Almost no problem. Actually, there was some trouble. With my ass. You see, these bikes do not come built for a 192cm dude. From the above picture, you can see that my standing position is less than ideal. My Japanese friends, coming in at a much more average height, can stand up fully straight-legged, which makes for a much more comfortable ride on uneven surfaces. I was forced to sit when I should have stood. Sit on my ass. Which was pounded into submission for hours at a time. After the 1st day, my cheeks looked like a couple of red apples. After the 2nd day, purple prunes. After the 3rd day, the skin was chaffed raw. Two weeks later, and I have some nice leathery ass-calluses. Want to hear more?
They make things called risers that raise the handlebar for tall people. You should use them if you are tall.
Dune riding is epic.
The technique is to be at pretty much 100% throttle anytime you are going up or down. If you try and cruise along at a low rpm, you'll soon be going zero. The bike can take it, and as long as you stay hydrated, so can you.
I took advantage of the trip to visit Cairo for 5 days on my own. Let's check into the hotel.
Yeah, so Cairo is kind of in a situation now. It sucked. It didn't suck because of the recent revolution, it sucked for other reasons, which I'll get into. Five days was waaaaay too long in this city. Give it one. All the tourist stuff can be seen in that time. From the top of Cairo Tower we have:
The pyramids. You should go there, I guess.
Islamic Cairo. Don't be scared. You might be American, or Jewish, or both, but the generic hate for your kind is rather subdued here. Rather being a relative term. I'll rant later, but suffice to say I never felt physically threatened.
Part of my travel dreams is to eat the local food. Not just a little, but fully get into it.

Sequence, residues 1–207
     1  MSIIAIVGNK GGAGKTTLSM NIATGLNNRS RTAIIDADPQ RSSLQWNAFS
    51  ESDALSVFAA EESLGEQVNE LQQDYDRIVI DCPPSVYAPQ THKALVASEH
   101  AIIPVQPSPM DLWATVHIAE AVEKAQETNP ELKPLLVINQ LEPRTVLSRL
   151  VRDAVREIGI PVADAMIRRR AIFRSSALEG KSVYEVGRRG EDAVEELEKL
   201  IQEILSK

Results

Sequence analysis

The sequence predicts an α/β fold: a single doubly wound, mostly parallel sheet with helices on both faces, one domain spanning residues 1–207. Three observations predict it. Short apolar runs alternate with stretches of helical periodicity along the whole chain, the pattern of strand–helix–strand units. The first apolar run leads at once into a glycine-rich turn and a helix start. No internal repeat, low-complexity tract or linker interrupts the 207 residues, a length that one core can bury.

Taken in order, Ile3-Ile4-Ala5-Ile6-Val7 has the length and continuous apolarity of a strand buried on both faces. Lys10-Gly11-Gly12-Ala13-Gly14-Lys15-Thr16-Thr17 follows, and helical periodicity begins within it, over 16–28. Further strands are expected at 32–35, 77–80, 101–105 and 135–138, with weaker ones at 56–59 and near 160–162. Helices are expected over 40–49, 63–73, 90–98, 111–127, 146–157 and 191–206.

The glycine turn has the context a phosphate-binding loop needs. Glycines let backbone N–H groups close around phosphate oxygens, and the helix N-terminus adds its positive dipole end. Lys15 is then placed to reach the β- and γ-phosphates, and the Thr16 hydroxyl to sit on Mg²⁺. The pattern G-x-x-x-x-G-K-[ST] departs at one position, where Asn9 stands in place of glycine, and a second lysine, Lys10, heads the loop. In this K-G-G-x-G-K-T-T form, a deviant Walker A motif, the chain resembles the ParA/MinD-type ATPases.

While Japanese cuisine can take a lifetime to try, Egyptian can be done in the aforementioned day. Roasted kebabs with the standard sides of tahini, pickles, and flatbread. Egyptian home cooking.
Koshary is rice, lentils, chickpeas, and pasta all mixed up together and topped with tomato sauce, garlic, and fried onions. It's super cheap, like a dollar, and pretty good. The most famous shop is Abou Tarek, go there if you can.
Another local thing is pigeon. Stuffed, fried, and eaten as is, bones and all. Decent, I guess. One and done.
Street food is plentiful, though a bit one dimensional. Flatbread stuffed with cheese, or beans, or falafel can be had for about 10 cents. So can a glass of fresh juice.
Hells yeah I rode a camel around the pyramids at night.
The day after I saw the infamous golden mask of Tutankhamun, it left to tour overseas . . . first stop Japan.
The pyramids are what they are. You WILL be hounded by dudes selling cheap souvenirs and offering camel rides non-stop. The advice from my Egyptian friend, "Don't even say one word to them." I'll rant at the end.
Bucket list stuff I suppose.